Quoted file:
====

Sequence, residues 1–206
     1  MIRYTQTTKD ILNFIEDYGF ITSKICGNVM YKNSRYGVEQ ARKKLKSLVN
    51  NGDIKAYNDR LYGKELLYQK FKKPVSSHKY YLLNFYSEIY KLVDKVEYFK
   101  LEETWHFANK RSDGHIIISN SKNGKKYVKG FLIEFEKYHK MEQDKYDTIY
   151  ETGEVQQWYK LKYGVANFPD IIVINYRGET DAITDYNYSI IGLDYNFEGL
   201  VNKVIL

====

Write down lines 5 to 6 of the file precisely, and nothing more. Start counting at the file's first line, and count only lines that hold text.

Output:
   151  ETGEVQQWYK LKYGVANFPD IIVINYRGET DAITDYNYSI IGLDYNFEGL
   201  VNKVIL